North Korea (DPRK) conducted four missile launches in the first fortnight of 2022, during which the US announced a new round of sanctions against the DPRK. The easing of tensions in the Korean peninsula since the 2018 Pyeongchang Winter Olympics seems to have come to an end, with the US and DPRK commencing a new cycle of confrontation over nuclear missile developments and sanctions.
Since the collapsed 2019 Hanoi Trump-Kim summit, the window of detente in the Korean peninsula had tended towards closing shut. With both countries superficially maintaining stability without crossing each other’s red line, tensions in the peninsula had basically eased. However, after the DPRK conducted a high-profile “final test-fire” of a new hypersonic missile on 11 January 2022, the US once again imposed sanctions against it. The DPRK then launched two short-range ballistic missiles within a week.
This new cycle of confrontation between the US and DPRK is not simply history repeating itself. Instead, it takes place in more dire circumstances in the peninsula. While the US sanctions remain routine, the DPRK’s nuclear capabilities have qualitatively changed.
The DPRK’s nuclear capabilities have increased significantly
Since the Hanoi summit, the DPRK has repeatedly launched missiles but has basically not crossed the red line of testing intercontinental ballistic missiles, which was set by the Trump administration. Opinions differ on whether the DPRK’s various missile launches have violated UN Resolutions on the sanctions against it.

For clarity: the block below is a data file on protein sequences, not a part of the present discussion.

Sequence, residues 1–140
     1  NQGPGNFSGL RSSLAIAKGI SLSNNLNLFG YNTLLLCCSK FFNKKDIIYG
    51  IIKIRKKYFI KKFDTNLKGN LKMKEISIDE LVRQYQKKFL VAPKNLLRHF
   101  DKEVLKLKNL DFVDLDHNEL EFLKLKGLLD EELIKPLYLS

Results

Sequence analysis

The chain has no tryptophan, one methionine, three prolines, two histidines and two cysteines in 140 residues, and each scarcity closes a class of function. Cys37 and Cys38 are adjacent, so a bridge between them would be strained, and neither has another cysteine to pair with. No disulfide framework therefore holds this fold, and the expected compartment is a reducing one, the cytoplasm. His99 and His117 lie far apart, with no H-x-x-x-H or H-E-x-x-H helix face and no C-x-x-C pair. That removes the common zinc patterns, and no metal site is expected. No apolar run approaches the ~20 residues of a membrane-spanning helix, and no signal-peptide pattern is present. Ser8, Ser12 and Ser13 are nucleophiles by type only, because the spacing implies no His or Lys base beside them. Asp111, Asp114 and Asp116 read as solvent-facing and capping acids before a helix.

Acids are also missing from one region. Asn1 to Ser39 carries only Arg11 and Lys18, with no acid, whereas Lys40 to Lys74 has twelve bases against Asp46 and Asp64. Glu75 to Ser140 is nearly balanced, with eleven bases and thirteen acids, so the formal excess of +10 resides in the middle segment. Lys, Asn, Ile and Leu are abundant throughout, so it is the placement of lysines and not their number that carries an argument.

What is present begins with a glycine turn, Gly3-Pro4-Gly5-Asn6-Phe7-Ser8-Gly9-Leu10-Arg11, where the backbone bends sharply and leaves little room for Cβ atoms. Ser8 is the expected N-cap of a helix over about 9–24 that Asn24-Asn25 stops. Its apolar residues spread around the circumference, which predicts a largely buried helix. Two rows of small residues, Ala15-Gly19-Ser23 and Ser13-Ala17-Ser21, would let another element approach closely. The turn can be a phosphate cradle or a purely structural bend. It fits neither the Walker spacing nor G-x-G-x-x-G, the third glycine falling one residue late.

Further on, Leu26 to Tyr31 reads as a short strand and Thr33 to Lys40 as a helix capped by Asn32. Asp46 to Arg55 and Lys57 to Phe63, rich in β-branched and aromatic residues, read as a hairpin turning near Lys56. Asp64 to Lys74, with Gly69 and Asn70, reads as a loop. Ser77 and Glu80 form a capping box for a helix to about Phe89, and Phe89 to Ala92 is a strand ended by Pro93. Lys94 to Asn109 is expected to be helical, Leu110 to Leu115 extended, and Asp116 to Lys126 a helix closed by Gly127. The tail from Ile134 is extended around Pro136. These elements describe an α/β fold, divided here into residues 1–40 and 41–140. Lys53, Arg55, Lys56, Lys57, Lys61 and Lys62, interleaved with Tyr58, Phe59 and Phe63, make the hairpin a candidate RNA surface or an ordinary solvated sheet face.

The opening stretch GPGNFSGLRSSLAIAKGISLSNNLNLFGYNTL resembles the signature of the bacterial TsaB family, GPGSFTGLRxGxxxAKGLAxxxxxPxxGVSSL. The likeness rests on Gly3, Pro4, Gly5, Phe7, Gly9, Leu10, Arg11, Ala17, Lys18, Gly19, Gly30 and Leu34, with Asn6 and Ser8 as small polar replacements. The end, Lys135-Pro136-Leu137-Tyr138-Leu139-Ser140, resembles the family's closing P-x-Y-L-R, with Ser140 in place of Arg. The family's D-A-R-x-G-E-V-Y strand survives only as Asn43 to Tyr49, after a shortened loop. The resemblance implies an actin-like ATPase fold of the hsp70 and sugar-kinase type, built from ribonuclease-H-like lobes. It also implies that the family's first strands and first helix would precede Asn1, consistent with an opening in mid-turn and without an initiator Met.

...the DPRK has achieved a major breakthrough in hypersonic missiles, further enhancing its nuclear capabilities and cementing its status as a nuclear-weapon state.
After the Eighth Congress of the Workers’ Party of Korea last year, the DPRK formulated a five-year military plan, especially in R&D of hypersonic missiles. It is noteworthy that while the DPRK leader Kim Jong-un did not appear at missile launches for some time, the 11 January “final test-fire” of the hypersonic missile was conducted under his watch. This signifies that this successful “final test-fire” of the hypersonic missile is a major breakthrough in the DPRK’s missile capabilities and is of great political significance.
Meanwhile, it must be noted that on 3 January, the five permanent members of the UN Security Council issued a joint statement on preventing nuclear war and avoiding arms races. In the subsequent week, the DPRK conducted two successful hypersonic missile test launches. In particular, the missile in the 11 January “final test-fire” travelled 1,000 kilometres. The US early warning systems misjudged that the missile “could hit [the] US”, resulting in confusion in some US airports and grounded flights.
The significance of the DPRK’s “final test-fire” may be twofold. First, the DPRK has achieved a major breakthrough in hypersonic missiles, further enhancing its nuclear capabilities and cementing its status as a nuclear-weapon state. Second, the DPRK can halt its test launches for some time in the future.
The resumption of US sanctions against the DPRK means that the US’s patience with the DPRK, since the Trump administration in 2018, has run out. The Biden administration has completed its DPRK policy evaluation but has adopted a taciturn policy towards the DPRK. It has repeatedly said that both sides could have conversations, but the Biden administration has neither changed its demand for DPRK’s denuclearisation nor ended or eased the severe economic sanctions against the DPRK.
US-DPRK relations regressed to levels before Pyeongchang Winter Olympics
In the latter half of 2021, the DPRK’s demand ahead of US-DPRK dialogues was for the US to end its “hostile policy” and “double standards” towards the DPRK. This premise implied that the DPRK’s nuclear capabilities are a reality that should be squarely recognised for the US-DPRK relations to be normalised. The positions of both sides basically regressed to those prior to the Pyeongchang Winter Olympics, and their differences remained despite tactful articulations.